compounds (VOC) that adsorb on

active sites of the catalyst surface thus

making them unavailable for catalytic

reaction to proceed. As a result, the

recombiner would require either a

higher hydrogen concentration, or a

higher temperature, or both, to start

the hydrogen recombination reaction,

compared with the catalyst in as-new

condition. The VOCs could be originated

from solvents, lubricants, oils,

insulations and paints, etc. which are

commonly used materials in the plant

maintenance. The key prameters of

catalyst performance under the longterm

exposed condition of VOCs

could be the start-up delay time for

catalyst reaction and its hydrogen

depletion (removal) rate because

these parameters directly affect the

results of hydrogen control analyses

in design basis and severe accident

conditions. The catalyst performance

should be verified up to sufficient

periods of plant operation and be

compared with the parameters on the

PAR performance used in the hydrogen

control analysis. Therefore, with

the exposure time to containment air,

the VOC effects will play a more

important role in PAR maintenance

during normal nuclear power plant

operation [7]. In comparison to the

performances under the accident conditions,

however, the performances

under the long term exposed condition

to containment air during normal

operation (i.e., effects of volatile organic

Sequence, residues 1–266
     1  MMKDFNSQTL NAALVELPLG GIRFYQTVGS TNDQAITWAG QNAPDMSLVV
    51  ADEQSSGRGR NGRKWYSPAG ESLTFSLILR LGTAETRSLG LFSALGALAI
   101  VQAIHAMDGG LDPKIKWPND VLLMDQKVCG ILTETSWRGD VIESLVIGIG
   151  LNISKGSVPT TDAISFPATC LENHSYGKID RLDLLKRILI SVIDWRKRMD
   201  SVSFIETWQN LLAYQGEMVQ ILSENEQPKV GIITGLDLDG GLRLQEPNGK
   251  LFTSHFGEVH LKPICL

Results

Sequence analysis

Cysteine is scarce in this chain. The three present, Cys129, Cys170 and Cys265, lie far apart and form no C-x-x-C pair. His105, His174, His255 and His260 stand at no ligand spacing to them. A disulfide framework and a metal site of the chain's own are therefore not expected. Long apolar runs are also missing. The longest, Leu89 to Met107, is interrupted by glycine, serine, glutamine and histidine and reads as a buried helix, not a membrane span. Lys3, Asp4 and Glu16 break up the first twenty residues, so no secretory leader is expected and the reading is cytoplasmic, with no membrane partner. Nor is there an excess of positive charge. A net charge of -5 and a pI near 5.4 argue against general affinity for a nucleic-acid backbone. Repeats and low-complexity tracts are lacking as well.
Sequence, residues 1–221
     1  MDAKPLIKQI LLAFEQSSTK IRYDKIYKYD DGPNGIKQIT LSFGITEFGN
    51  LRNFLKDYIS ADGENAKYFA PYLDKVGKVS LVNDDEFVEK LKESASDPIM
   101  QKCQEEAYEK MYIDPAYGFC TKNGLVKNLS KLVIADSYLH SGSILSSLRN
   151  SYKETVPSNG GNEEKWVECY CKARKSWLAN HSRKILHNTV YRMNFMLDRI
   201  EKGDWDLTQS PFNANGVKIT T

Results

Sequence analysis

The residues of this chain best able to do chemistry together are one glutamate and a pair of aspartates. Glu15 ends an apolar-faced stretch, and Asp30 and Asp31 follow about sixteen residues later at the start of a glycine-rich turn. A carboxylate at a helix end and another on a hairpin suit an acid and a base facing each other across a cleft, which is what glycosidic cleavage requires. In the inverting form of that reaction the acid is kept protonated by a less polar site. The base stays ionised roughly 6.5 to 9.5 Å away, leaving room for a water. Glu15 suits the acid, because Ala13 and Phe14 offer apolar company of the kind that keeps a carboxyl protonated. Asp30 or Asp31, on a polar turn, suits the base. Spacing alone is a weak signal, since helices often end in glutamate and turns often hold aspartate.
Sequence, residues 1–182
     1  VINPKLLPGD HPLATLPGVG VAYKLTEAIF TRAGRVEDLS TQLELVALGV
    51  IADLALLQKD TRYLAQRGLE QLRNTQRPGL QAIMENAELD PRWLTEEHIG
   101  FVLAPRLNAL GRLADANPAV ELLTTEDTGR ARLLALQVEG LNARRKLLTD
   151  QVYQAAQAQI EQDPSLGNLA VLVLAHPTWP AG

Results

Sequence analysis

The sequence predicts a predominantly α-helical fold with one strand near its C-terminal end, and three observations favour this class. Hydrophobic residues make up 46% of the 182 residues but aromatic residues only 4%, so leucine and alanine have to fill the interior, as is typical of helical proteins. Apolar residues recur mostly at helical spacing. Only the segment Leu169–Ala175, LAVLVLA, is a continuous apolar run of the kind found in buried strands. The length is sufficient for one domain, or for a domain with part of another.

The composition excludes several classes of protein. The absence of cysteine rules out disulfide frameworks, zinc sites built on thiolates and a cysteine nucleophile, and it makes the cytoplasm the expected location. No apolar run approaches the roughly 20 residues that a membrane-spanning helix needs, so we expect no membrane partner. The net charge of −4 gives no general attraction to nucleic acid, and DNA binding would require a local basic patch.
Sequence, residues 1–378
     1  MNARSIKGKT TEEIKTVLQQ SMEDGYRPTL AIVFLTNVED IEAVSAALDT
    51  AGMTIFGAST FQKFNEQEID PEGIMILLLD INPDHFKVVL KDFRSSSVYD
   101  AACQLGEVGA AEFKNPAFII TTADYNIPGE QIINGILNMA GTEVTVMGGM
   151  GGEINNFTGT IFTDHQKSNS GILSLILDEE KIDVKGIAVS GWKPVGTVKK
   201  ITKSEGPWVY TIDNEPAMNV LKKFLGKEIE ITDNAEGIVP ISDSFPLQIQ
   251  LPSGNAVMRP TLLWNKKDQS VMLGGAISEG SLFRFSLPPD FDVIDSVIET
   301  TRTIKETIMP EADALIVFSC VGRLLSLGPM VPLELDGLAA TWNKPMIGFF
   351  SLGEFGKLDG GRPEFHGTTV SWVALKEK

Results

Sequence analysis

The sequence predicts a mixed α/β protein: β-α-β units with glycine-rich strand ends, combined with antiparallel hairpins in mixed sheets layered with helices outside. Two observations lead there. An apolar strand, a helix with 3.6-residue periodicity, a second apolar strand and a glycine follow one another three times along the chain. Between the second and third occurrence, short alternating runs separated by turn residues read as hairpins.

compounds) have not been fully

investigated becaue it requires long

time up to several overhaul periods in

the containment to obtain catalyst

samples and it includes the proprietary

information of PAR suppliers and


This paper describes the test results

on the effect of airborne volatile

organic compounds in the containment

air on the performance of TiO 2

coated ceramic honeycomb type PAR

in Korean nuclear power plants

performed in 2014 ~ 2016 overhaul

periods. The test plants are extended

to seventeen (17) operating plants

compared to the previous eight (8)

operating plants [8]. A total of 152

tests have been performed with 680

catalyst samples to investigate the

effect of volatile organic compounds

(VOC) on the start-up performance on

the hydrogen removal. A total of 62

tests have been performed with 248

catalyst samples to identify the influence

on the hydrogen depletion rate

by the VOC effects. The analysis for

VOC components has been performed

for selected samples from seven (7)

plants to identify airborne substances

adsorbed on the surface of catalysts

using a qualitative GC/MS (gas

chromatograph/mass spectrometer)


2 Test method

2.1 Pt/TiO 2 ceramic

honeycomb PAR

Figure 1 shows an illustrated view of

Pt/TiO 2 coated ceramic honeycomb

type PAR that has been installed in

eighteen (18) operating units. This

type of PAR has been developed and

Research and Innovation

Effects of Airborne Volatile Organic Compounds on the Performance of Pi/TiO 2 Coated Ceramic Honeycomb Type Passive Autocatalytic Recombiner ı Chang Hyun Kim, Je Joong Sung, Sang Jun Ha and Phil Won Seo

More magazines by this user
Similar magazines